What do you think? Is the game over? Can Twitter still recap? I hope they do. Twitter has our love, and the last thing we need is Google (or worse, Facebook) capturing yet another domain on their road to Total Net Domination.
I’ve had an interesting conversation earlier this week with a VC guy. He’s looking at a company that is basing its business on Twitter. My immediate reaction was – there is no way I’d consider building a long-term business on top of Twitter.
That’s because I don’t think there is a long term future for Twitter.
However, I believe that in 2 years the Twitter brand will be in the same position as the Netscape brand is in now: Twitter will be credited with starting the revolution, and paving the road for followers (pun intended). But at the same time, it will be pushed into a minor position in the market with other players taking the lead (or, as is the case with Netscape, will no longer exist).
I love the Beatles. I grew up listening to their amazing melodies, appreciating the lyrics and the rich and visual compositions. I love the Beatles and what they stood for.
Over the years I’ve replaced some of the vinyl Beatles records I had with CDs, but there were several Beatles albums that I never got around to purchasing. I kept thinking I should buy them already, but never did.
Until The Beatles Remastered was released. Clearly, this was the opportunity to fill in the blanks and reacquire the entire collection in the best available quality, and to rediscover their genius music.
Last Friday I went to Tower Records (yes, an actual physical store!), handed over the counter 999 NIS (which is about $250), and received in exchange a beautiful black box containing the entire collection. On the way home I opened the box with excitement, took out "Revolver", put it into the car CD player, and enjoyed the familiar tunes.
When I got home, I did what I always do when I buy a new music discs. I inserted the disc into my Windows 7 Media Center machine, planning to rip the music into my Media Library so that I can listen to it like I listen to the rest of my music. After I am done ripping, I usually put the original disc away in storage, because I have no real use for these plastic pieces anymore.
Not this time though. Windows recognizes the disc as a multimedia disc with videos and all, but does not see the music tracks.
I tried another disc from the box. Same result.
GeekCon 2009 took place last weekend, and was – as usual – tons of fun. There were so many cool projects this year – from the personal Kong-fu sound effects generator, to the amazing physical Tron game, the 3D Lunar Lander, the low-cost Matrix-like bullet-time studio, the wheelchair arcade game, and so many others. (Get the never-up-to-date not-even-nearly-full list on the never-up-to-date GeekCon projects page).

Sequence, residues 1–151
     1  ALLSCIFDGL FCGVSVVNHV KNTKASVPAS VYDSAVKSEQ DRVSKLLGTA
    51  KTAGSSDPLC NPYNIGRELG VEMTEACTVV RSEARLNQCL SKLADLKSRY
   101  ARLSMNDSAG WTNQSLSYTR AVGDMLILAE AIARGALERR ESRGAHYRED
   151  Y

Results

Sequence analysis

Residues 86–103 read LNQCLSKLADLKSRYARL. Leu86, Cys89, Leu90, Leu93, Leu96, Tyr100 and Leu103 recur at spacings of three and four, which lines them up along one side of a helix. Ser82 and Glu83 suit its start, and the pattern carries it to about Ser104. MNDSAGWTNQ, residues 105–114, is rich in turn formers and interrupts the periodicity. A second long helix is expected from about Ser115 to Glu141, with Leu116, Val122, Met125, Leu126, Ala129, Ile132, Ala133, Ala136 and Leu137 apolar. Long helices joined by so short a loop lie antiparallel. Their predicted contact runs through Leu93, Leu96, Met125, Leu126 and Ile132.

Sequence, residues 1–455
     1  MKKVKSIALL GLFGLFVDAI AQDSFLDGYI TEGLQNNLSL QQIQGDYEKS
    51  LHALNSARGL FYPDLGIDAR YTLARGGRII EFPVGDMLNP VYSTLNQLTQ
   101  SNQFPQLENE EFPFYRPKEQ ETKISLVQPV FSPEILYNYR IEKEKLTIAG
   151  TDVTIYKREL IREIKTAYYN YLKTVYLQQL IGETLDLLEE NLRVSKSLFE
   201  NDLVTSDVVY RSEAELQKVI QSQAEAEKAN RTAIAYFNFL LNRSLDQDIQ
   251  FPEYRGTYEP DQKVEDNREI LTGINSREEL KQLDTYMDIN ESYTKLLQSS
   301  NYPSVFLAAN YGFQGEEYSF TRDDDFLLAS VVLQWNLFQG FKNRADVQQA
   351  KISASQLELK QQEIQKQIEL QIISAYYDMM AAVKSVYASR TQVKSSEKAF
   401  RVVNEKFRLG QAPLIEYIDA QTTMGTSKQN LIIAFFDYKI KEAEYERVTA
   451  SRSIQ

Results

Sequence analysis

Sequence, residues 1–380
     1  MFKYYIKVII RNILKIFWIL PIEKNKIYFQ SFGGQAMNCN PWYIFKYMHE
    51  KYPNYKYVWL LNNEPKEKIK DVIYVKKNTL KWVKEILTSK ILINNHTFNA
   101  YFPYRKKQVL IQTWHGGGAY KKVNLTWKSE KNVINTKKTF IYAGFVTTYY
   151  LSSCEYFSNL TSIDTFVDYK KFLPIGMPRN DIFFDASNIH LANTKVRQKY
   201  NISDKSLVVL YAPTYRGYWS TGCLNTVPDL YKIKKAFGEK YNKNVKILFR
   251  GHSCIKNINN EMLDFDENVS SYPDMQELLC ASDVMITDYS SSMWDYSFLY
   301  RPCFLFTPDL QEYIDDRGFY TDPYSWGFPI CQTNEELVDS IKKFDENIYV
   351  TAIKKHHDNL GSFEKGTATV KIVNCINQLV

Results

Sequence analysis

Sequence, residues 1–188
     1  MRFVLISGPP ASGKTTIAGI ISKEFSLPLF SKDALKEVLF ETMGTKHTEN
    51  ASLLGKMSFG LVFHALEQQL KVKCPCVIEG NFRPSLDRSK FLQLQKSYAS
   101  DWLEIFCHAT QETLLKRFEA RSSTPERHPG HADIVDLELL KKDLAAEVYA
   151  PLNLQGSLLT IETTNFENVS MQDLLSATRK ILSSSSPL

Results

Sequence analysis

I love taking photos in unconferences like this, there are always so many interesting things happening. But the thing is that being behind the lens has the effect of somewhat disconnecting you from the actual happening.
So this year, I thought I’ll build a replacement for myself as my GeekCon project. Initially I called it the *ConAutoDoc, but shortly after we activated it for the first time I came to the conclusion that "The Rabid Digital Junk Photos Generator" would be a much better name.
I am leaving soon for Seedcamp week 2009 at London, where I will be mentoring as well as participating in a panel on Scaling and Performance (with Blaine Cook, Vijay Pandurangan, James Aylett, and Matt Biddulph). And this got me thinking.
I remember my first job interview. It was back at 1991, and I was interviewed by Ron Loewy for a developer job.
Ron asked me to tell him about things I’ve done before. Having done 3 commercial projects already as a freelancer self-taught developer, I described them. They all involved long term storage / query mechanisms of some sort, and Ron asked me to describe what I used for storage.
Now, the only data structure I knew at that point was Linked List. I also knew a bit of OO that I picked up from the Object Oriented Programming Guide booklet that shipped with Turbo Pascal 5.5. So I came up with FileLinkedList (TFileLinkedList in TP-speak), which descendant from my LinkedList class. And that is what I used for storage and query in these 3 projects.
Ron listened patiently while I described my incredibly versatile FileLinkedList, waited for me to finish, and then asked – so, ever heard of a database?
Esther Loewy from Bootcamp Ventures sent me a note telling me that they will be holding another Bootcamp in Tel Aviv on October 11, 2009.
The format is the usual (and effective) Bootcamp format:
- 30 Second Elevator Pitch
- 8 Minute Investor Presentation
- Network with targeted c-level investors in an intimate & interactive environment
- Receive on-the-spot feedback from leading angels, under-the radar-funds and venture capitalists from the US, Israel and Europe
On the "Drill Sergeant" Panel this time:
All these eons spent crafting complex traps to get people to sign that infamous contract where they sell their soul to the devil. All that human suffering that led to the creation of Faust and of the category AT 756B.
So much wasted effort, when today all it really takes is a reasonably popular (preferably viral) web app, a well crafted TOS, and a "Yes, I agree to the terms of service" checkbox.
Do you read these terms of service? I usually scan them quickly, which is probably more than most people do. But this quick scan will probably not be enough to reveal clause 666b, which says "Furthermore, by using the Service you agree to provide the Devil with an eternal non-revocable complete ownership license for your soul".
Back when Facebook did that controversial change to its terms of service I’ve discussed with some friends a way to avoid this finely crafted trap. My suggestion consisted of the following components: